This research project is in progress. PCORI will post the research findings on this page within 90 days after the results are final.
What is the research about?
Every 40 seconds, someone in the United States has a stroke. Stroke is a leading cause of long-term disability. About half of people who survive a stroke have weakness or some loss of movement in the arm and hand on one side of the body. Losing hand function can make tasks such as getting dressed and cooking harder.
Constraint-induced movement therapy, or CI therapy, combines arm and hand exercises with habit changes that increase use of the weaker arm for daily tasks. Studies have shown that CI therapy can help patients regain movement after a stroke. However, traditional CI therapy is costly, not covered by insurance, and takes place over many in-person visits. The research team created a video game version of CI therapy that is cheaper and easier for patients to use. This study compares video game CI therapy, traditional CI therapy, and traditional physical therapy. The research team is comparing how well each type of therapy works to improve hand function in people who had a stroke.
Who can this research help?
Patients who have had a stroke and their therapists can use information from this study to help choose a therapy to regain hand function.
What is the research team doing?
Researchers at four medical facilities across the United States are recruiting 224 adults ages 18 and older who had a stroke in the past six months. All patients have lost some ability to move their arm and hand on one side of the body. The research team is assigning patients by chance to one of four therapies:
- Traditional CI therapy: During 10 visits with a therapist at a clinic, patients receive 35 hours of traditional CI therapy, including 15 hours of active practice with the weaker hand and arm. Patients also learn to identify problems using the weaker arm for daily tasks and come up with solutions with their therapist.
- In-home video game CI therapy between in-person therapy visits: Patients play the CI video game for 15 hours. They also spend five hours in person with a therapist across four visits. The game system records how long patients play the game and shares this information with the therapist. Patients also wear a smart watch that tracks how often they use the weaker arm for daily tasks. The in-person meetings involve the same methods used in traditional CI therapy to increase use of the weaker arm for daily tasks.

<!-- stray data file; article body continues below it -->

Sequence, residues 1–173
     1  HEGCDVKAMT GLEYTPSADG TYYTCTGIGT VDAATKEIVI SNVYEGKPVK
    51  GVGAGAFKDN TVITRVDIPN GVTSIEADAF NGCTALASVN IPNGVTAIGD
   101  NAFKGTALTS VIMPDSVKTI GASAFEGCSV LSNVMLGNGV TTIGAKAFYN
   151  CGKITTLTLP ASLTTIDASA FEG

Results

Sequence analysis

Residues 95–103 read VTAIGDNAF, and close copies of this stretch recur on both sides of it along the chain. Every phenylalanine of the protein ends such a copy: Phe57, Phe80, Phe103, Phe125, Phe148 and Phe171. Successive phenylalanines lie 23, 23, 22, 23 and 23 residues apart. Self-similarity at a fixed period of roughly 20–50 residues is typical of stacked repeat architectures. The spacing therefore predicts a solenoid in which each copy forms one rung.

- In-home video game CI therapy between in-person therapy visits with added video sessions: This therapy is the same as video game therapy but includes six video sessions with a therapist. Patients also have 10 in-person sessions with a therapist across eight hours. The sessions involve the same methods used in traditional CI therapy to increase use of the weaker arm for daily tasks.
- Traditional physical therapy: Patients have five hours of standard clinic-based therapy across four sessions. Therapists tailor care to patients’ specific needs and give them exercises to do at home. The sessions don’t focus specifically on use of the weaker arm for daily tasks. After six-months, patients get the video game CI therapy. They have a two-hour initial meeting with a therapist to learn about the video game and to learn methods to increase use of the weaker arm for daily tasks.
The research team is tracking how well patients can use the weaker arm and hand before starting therapy, immediately after therapy, and six months later.
A group of patients, caregivers, and therapists is providing input throughout the study.
Research methods at a glance
^Lynne Vonda Gauthier, PhD, was the original principal investigator on this project.